He said he trusts council will contribute the full grant next year.

"Councillors have been very good about saying, 'No, no, no, we understand that this is just a one-time reduction in your allocation. It's not that next year we're gonna say, 'Well, you know, last year they got (X), well that's their new base,' " he said.

"It's not for a second that I think anybody's going to pull a fast one," he said.

The town originally wanted to decrease their grant by the full $100,000 surplus, Novak said.

"Then it came down to, 'Well, you know, you'll keep 25 per cent of the surplus.' So we thought, alright, let's show willing. It wasn't our first choice but acting as team players if the municipality is having a real cash crunch etc., let's suggest that we keep 50 per cent."

"That suggestion was rebuffed."

Looking back, the library could have spent some of the funds on equipment earlier, he said.

"If we weren't showing a significant surplus, there would have been no question and no issue about the allocation for this coming year," he said.

Novak pointed out a Deloitte service review of the town in July identified the library as one of just two town areas that is performing above standard.

He also noted the library was the only town appendage to make staff cuts.

"That was what created most of the surplus. And now the town is saying thank you very much, we'll reduce your allocation based on that."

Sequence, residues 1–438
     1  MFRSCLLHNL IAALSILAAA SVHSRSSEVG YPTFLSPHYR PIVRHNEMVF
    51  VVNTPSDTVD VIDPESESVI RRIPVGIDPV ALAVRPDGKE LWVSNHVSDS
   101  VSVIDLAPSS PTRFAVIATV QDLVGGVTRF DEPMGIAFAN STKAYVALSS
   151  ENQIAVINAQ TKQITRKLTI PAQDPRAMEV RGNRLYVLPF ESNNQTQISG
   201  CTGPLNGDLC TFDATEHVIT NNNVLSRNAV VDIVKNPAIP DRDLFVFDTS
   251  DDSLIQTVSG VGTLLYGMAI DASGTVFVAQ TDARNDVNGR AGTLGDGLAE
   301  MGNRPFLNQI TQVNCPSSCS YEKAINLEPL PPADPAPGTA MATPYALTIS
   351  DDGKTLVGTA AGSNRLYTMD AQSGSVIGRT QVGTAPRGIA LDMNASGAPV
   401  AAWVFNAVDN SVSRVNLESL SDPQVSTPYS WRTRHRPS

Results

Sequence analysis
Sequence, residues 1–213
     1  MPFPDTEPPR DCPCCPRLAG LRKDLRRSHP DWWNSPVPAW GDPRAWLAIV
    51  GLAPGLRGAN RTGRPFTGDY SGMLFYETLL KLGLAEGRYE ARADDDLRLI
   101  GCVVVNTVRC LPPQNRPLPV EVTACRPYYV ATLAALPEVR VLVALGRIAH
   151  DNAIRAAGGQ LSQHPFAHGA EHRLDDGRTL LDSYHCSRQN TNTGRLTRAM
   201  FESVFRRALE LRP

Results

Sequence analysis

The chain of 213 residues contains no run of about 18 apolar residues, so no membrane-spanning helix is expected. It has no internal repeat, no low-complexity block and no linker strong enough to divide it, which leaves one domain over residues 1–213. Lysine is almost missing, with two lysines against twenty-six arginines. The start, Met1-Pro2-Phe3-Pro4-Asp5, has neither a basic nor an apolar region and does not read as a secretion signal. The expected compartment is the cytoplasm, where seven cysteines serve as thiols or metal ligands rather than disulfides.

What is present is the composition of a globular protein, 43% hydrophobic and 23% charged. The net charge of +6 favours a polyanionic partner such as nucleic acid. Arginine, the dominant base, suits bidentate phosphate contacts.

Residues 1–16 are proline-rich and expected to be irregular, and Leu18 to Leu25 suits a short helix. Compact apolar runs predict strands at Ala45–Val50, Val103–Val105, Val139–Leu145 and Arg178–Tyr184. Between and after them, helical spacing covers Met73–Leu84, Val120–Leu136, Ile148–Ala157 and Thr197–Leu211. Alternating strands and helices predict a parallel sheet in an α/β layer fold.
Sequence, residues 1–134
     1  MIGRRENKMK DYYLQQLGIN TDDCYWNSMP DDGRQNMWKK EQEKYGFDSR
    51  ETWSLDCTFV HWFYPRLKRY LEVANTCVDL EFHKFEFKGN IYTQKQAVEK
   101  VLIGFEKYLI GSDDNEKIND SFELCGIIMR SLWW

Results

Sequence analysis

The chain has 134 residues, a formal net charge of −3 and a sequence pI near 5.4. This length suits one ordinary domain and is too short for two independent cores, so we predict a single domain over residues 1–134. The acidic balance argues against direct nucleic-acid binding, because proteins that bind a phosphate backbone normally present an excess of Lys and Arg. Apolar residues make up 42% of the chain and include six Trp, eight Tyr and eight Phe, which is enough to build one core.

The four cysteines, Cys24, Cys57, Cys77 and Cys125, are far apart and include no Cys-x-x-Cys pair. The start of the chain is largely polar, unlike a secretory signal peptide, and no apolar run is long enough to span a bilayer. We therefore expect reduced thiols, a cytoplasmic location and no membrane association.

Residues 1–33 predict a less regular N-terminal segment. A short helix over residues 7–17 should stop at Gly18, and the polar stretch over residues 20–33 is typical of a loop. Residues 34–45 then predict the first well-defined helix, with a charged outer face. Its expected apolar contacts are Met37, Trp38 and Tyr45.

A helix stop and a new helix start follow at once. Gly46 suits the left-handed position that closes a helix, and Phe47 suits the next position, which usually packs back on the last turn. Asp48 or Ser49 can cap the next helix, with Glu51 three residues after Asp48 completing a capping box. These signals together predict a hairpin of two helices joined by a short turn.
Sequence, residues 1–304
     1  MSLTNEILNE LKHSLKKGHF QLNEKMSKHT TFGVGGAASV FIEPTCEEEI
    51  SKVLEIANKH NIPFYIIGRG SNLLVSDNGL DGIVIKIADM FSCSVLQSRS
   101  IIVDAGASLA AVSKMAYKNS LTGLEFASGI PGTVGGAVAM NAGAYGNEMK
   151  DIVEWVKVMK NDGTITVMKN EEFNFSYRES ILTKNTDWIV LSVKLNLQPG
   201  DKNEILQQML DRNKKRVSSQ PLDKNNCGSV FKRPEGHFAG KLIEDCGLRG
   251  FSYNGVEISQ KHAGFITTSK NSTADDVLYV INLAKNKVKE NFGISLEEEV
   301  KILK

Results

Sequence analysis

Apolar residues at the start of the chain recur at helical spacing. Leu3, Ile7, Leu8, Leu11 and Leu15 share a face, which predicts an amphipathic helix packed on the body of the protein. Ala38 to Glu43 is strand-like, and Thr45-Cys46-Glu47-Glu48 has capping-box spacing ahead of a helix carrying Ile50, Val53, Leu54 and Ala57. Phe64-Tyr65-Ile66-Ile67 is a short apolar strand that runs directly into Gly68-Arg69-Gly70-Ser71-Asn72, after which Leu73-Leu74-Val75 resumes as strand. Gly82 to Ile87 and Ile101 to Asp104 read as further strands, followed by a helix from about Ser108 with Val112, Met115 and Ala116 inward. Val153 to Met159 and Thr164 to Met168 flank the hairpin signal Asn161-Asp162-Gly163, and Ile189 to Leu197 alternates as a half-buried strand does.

According to the budget report for 2021, the Town of NOTL now has 107 full-time staff members and is expected to hire out 73,696 contract hours in 2021, compared with 76,655 in 2020.

Novak said despite being disappointed, there's no "bad blood."

"Nobody's screaming, nobody's being mean to each other. It's just unfortunate purely because we're concerned about what the municipality's income is going to be next year, and we could have looked after ourselves a bit more if we had not been told that our grant this year was going to be reduced."

"Our capital reserves are a little on the tight side. Really, we didn't have a lot of money," Novak said.
 

Library an important tool for residents during pandemic, board member Robin Williams says

Having an accessible public library is essential to the health and well-being of the community, library board trustee Dr. Robin Williams told council during the budget presentation.

Williams, a pediatrician and public health expert, said the library is essential “social infrastructure” for the town and residents who are handling the pandemic differently.

“We are living in incredible times, I don't need to tell you that, and some are faring better than others. There's no question,” she said.

“We're even starting to hear not only about a second wave and a third wave of COVID, but a fourth wave, which is about the longstanding shadow that this pandemic is causing on mental health for families, for kids, for older seniors, etc.”

Williams is also acting as a special adviser at the province on COVID matters.

“So I'm living and breathing COVID,” she said. “And I have to remind myself that we can't get lost in the present. We need to stay focused also on the future because there will be a future, we will get beyond this.”

She said she thinks the library will be “a significant player in the social and the economic recovery in Niagara-on-the-Lake.”

Libraries have shifted and adapted over time, and the focus is “more than keeping the magic of reading alive,” she added.

She noted the library offers access to ideas and resources, connections to people and virtual programming.